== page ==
Was Melania Trump's Election Night Style a Middle Finger to Hillary Clinton?

Hillary Clinton Melania Trump - Split - H - 2016
Aaron P. Bernstein, Chip Somodevilla/Getty Images

Was she trying to steal the Democratic nominee's style? Or worse, trump it with a younger, trendier model?

If there’s one fashion winner in the election, it’s Ralph Lauren.

The American designer was a go-to for Hillary Clinton’s pantsuits throughout the presidential campaign, from the cobalt blue suit she wore for her opening-day rally at Roosevelt Island, to the white version she wore to accept the Democratic presidential nomination at the party's convention this summer, to the purple-trimmed charcoal gray style she chose for her concession speech.

Now, it appears Lauren could be a go-to for Melania Trump as well.

For husband Donald Trump's victory speech in the wee hours of the morning on Wednesday, the first-lady-to-be chose a white Ralph Lauren jumpsuit with an asymmetrically draped front, which looked remarkably similar to Clinton's now famous white DNC Ralph Lauren pantsuit, only sleeveless and sexier. Was she trying to steal the Democratic nominee's style? Or worse, trump it with a younger, trendier model?

While Clinton had her pantsuits custom made with the help of Lauren’s celebrity dressing team, Melania bought the made-in-Italy jumpsuit off-the-rack, for $3,999, either at one of the brand’s boutiques or at a department store.

"Going into a store, or having someone go into a store for you, to buy the sexiest white pantsuit she could find? Of course it was intentional,” said a guest who asked not to be named at the opening party for the renovated Ralph Lauren boutique on Rodeo Drive in Beverly Hills on Wednesday night, when election wounds were still raw. “It was totally calculated. Earlier in the day, Melania was wearing a Balmain coat and a Michael Kors dress. She did this intentionally.”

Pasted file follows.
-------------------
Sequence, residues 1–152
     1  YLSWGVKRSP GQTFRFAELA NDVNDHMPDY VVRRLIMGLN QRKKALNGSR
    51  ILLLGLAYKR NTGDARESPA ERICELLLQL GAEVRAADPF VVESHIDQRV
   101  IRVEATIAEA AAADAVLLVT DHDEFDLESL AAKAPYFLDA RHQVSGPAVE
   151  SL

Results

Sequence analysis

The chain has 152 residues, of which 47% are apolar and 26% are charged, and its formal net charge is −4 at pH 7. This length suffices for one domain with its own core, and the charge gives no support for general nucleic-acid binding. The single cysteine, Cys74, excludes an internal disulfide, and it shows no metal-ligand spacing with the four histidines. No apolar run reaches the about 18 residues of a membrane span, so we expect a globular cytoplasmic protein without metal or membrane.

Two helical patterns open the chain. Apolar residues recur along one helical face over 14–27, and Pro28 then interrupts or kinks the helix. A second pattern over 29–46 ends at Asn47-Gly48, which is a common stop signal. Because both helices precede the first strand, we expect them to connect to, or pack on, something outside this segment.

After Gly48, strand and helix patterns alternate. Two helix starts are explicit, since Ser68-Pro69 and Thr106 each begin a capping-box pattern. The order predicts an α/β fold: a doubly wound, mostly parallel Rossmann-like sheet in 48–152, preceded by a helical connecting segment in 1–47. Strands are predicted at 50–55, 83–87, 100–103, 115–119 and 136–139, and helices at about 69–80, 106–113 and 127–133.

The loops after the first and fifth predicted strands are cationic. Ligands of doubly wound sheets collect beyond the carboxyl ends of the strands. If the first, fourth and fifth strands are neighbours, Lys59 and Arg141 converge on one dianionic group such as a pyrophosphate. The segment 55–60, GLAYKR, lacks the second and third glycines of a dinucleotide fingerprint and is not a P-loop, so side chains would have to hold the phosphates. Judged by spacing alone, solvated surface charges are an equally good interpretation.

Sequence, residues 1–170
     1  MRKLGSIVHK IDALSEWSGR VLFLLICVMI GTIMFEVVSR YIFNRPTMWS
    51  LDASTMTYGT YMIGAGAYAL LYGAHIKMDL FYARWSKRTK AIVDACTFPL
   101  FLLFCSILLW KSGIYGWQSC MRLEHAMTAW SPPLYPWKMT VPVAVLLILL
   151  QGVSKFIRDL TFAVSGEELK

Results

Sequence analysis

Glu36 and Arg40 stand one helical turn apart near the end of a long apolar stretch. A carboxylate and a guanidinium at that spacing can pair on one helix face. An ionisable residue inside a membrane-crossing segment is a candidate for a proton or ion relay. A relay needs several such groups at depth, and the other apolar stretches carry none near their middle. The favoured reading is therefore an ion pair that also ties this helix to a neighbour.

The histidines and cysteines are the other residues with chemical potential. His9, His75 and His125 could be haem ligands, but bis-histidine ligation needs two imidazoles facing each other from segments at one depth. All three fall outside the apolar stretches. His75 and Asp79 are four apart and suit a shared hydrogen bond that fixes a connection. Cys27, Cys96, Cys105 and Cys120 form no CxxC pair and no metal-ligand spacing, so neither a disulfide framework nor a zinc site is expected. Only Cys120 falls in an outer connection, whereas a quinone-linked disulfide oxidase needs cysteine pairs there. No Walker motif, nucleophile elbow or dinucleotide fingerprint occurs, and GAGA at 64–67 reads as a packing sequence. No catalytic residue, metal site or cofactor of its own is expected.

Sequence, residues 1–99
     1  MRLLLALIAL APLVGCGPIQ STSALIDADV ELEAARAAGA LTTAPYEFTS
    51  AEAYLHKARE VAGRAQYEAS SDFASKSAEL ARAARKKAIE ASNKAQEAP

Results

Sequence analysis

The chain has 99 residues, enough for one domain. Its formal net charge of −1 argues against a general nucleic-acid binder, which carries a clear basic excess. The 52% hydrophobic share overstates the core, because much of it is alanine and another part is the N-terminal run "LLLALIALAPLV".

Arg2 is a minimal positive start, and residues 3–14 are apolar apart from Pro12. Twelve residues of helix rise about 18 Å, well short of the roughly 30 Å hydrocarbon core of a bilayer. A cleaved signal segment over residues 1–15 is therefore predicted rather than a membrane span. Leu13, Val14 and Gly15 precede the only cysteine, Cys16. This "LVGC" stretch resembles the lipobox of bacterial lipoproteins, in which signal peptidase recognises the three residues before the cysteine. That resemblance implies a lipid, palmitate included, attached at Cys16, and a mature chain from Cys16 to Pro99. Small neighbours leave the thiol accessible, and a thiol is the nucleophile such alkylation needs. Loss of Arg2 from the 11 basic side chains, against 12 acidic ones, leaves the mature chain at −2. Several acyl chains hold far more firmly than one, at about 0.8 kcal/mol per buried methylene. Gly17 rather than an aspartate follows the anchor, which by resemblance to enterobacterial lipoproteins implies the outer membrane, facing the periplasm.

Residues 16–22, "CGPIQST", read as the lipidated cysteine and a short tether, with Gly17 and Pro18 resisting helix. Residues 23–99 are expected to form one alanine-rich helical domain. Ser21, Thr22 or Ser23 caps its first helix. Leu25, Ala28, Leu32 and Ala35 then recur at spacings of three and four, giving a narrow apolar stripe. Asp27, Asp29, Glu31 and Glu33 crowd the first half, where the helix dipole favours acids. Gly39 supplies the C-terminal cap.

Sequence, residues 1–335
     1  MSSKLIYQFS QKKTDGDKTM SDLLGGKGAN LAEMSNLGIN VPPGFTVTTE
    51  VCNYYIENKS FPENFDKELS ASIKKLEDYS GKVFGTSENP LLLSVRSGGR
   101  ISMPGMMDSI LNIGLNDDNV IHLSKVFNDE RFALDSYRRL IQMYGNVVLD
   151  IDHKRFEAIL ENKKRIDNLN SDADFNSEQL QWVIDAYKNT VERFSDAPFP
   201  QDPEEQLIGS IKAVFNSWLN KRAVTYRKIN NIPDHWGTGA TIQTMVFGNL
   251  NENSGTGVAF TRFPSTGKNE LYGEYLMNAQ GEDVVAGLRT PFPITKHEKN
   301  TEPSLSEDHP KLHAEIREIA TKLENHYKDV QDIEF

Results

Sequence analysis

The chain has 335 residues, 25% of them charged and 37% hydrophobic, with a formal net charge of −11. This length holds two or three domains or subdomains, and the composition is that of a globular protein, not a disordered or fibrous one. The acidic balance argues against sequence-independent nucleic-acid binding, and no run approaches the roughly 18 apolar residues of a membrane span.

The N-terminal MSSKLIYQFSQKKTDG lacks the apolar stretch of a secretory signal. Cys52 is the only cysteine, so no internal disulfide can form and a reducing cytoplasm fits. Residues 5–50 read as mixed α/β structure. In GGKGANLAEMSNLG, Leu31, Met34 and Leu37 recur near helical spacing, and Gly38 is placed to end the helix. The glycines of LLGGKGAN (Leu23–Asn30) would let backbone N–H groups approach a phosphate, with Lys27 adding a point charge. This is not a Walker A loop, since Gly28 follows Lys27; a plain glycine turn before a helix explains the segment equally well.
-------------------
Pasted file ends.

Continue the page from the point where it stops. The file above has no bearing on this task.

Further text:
It will be interesting to see how the fashion industry, which largely supported Clinton, comes around to the new first lady, and whether she comes around to the industry. Will Melania Trump, like other first ladies before her, cover American Vogue, for example, after Anna Wintour so vocally campaigned for her husband's opponent?

From an economic standpoint, there's a lot at stake.

“It seems obvious that as a former fashion model, Mrs. Trump may have a large impact on the apparel industry,” said David Yermack, professor of finance at New York University’s Stern School of Business, who studied Michelle Obama’s impact on the fashion industry and found that for 189 public appearances the first lady made between November 2008 and December 2009, she generated about $2.7 billion in value for the brands she wore, including U.S. labels J. Crew and Liz Claiborne, and European labels, too.

Melania’s style has evolved in recent years from lingerie-inspired looks, corset tops and mermaid gowns to more sleek and tailored separates. And to be fair, she did wear a Ralph Lauren jumpsuit to another high-profile campaign event before Election Night, the final presidential debate.

But Melania had mostly worn European labels on the campaign trail until then, including Gucci, Emilia Wickstead and Roksanda Ilinicic for her now infamous speech at the Republican National Convention. Her choice to wear Ilincic, a designer who, like her, originally hails from Eastern Europe, suggests she does have a keen understanding of the symbolism of clothes. 

As first lady, Melania will likely face pressure to dress in clothing by American designers. Will they offer their help, or will she have to continue buying off the rack? Time will tell.

But one thing's for sure: Standing 5 foot 11 inches, with a model figure at age 46, she wears clothes well. So do first daughters Ivanka and Tiffany Trump.

“The fashion industry is going to come around to them quickly,” said one insider. “It has to.”